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Back in ancient times, when I went to college, I had a roommate from a very small town who had
attended a different kind of public school. Steve always told me that it was a progressive school
structure that was designed to leave no child behind. Strangely it was called If No Child Moves Forward,
then No Child’s Left Behind. It was a strange name, but Steve swore by its results. Though he tried to
explain it to me in many ways, being a believer in differentiated instruction, he didn’t give up in trying to
find an explanation I could understand. Steve finally came up with the following example to help
understand this strange teaching structure

He told about how he learned to play basketball. In the education structure at his school, he learned
basketball skill after skill. He said students would show they had achieved minimal competency for one
skill, and then would move on to the next skill. For example, in learning to shoot free throws, he was
given a goal making 7 out of 10 free throws. Once this goal was established, Steve was shown the
techniques of shooting free throws and then he would practice them all the time. He talked about how
one of the things his teacher would require that everyone shoot 1000 free throws in class before they
took a test on it. He said it was tough to get motivated to shoot all those free throws, but he did it anyway
because it was what was expected. However, the only reason he knew the skills were important was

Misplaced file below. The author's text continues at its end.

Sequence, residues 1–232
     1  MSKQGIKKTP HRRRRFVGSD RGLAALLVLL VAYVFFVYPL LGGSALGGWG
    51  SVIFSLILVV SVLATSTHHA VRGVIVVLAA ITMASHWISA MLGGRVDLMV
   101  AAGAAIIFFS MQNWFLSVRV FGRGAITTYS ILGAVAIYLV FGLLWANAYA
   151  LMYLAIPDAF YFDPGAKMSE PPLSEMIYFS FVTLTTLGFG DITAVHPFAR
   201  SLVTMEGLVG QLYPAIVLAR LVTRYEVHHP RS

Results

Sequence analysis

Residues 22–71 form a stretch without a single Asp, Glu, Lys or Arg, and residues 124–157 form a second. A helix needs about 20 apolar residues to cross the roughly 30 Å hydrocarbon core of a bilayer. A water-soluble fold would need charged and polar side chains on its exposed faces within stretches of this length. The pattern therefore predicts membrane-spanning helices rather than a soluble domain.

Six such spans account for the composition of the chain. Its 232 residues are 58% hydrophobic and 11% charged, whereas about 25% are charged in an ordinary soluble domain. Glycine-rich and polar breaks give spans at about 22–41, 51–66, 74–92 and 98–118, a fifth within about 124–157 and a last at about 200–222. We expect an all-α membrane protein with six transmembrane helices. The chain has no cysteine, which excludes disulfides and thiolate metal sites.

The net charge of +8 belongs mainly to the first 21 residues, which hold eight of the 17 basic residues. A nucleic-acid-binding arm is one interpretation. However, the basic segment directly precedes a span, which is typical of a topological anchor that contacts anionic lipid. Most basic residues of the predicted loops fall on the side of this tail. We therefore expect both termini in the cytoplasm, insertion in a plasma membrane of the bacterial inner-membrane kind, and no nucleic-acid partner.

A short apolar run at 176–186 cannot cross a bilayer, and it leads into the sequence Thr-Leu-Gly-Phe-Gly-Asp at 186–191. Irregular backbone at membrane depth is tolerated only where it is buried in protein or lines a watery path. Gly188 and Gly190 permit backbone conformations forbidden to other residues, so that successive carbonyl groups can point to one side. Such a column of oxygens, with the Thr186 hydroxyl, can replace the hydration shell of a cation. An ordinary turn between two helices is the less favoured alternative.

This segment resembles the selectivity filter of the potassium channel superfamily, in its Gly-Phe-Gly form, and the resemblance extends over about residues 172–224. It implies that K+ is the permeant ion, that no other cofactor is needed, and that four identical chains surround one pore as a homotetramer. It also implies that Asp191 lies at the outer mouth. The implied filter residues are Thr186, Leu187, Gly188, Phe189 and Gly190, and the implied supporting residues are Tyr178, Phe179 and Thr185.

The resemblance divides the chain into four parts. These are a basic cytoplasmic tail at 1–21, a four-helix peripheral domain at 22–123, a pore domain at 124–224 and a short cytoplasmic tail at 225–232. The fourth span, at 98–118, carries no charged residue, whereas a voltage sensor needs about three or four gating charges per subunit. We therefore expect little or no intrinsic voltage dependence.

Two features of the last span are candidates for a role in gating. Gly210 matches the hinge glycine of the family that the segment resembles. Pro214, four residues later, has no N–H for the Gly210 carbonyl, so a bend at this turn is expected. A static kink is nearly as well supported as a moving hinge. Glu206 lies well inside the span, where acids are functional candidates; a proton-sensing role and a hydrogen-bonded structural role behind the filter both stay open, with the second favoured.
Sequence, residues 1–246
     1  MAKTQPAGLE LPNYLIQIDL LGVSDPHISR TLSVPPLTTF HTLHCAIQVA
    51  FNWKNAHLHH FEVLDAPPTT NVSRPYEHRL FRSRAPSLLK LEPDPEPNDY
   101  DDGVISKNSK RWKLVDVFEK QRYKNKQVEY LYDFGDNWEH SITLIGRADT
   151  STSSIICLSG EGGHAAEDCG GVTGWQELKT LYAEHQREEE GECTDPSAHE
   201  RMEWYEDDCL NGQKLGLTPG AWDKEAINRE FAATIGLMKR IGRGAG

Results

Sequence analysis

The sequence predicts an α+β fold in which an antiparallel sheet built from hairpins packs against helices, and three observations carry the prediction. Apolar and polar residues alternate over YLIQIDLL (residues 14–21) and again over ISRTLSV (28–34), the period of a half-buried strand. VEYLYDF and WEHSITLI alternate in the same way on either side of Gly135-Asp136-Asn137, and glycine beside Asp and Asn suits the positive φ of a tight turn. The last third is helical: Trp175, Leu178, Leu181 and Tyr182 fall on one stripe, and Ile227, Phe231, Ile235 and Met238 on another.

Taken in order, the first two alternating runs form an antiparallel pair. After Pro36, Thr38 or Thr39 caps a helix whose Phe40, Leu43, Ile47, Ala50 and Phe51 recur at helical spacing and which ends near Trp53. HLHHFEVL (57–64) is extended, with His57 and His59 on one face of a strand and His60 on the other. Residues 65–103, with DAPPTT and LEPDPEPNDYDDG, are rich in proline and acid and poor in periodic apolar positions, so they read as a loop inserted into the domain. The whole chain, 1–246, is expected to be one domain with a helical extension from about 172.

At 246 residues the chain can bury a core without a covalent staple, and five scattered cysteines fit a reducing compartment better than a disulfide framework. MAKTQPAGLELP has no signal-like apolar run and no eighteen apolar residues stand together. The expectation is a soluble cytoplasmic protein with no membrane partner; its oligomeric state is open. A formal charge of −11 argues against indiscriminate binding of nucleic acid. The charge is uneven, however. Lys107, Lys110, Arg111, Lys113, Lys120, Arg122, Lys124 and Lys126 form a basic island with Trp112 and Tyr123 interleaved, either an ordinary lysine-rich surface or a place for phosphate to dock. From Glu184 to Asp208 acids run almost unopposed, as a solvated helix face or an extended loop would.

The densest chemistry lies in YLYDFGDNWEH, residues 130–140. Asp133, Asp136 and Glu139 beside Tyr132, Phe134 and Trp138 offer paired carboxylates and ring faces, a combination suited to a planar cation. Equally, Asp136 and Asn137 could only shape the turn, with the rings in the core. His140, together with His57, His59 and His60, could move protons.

because he was told he was going to be tested on it, and if he failed bad things would happen. He didn’t
really understand what those bad things were, but he knew they are going to happen.

In truth, he didn’t really know the real reason a person would practice free throws. All Steve knew about
shooting free throws was that it was on some test, but he had no idea how free throws were useful in the
game. He didn’t know why they were useful because they never played a game in class. They didn’t
have time to play a game because they had to practice the skills. He didn’t really care that he didn’t get
to play a basketball game in school, because he knew that he could play the game because he knew all
the skills. With each test he passed, he was promoted to the next level to learn a new basketball skill.
Since he had passed all the tests and had continually shown AYBP (annual yearly basketball progress),
he was sure that when he played the full game of basketball he would do fine.

After listening to Steve’s story, the structure of learning in his school seemed to make sense for the most
part. It made sense to make sure that a student showed competency in a skill before moving on, but
there was something that seemed to be missing. I wasn’t sure what it was, maybe it was just me. I mean,
Steve had made it to college and seemed to be very intelligent, but still, something bothered me about
this structure. And it wasn’t until a surprisingly warm fall day that I figured out what bothered me about
the whole educational structure.

It was a warm Monday afternoon that showed me the problems with the way Steve had learned in his
school. It was one of those surprise fall days when no one wants to stay inside and study. The thought
was we all had the rest of the week to study, so why worry about it now. All I needed was a reason to
blow off studying and go outside. That reason came when someone yelled down the dorm hall, “Any one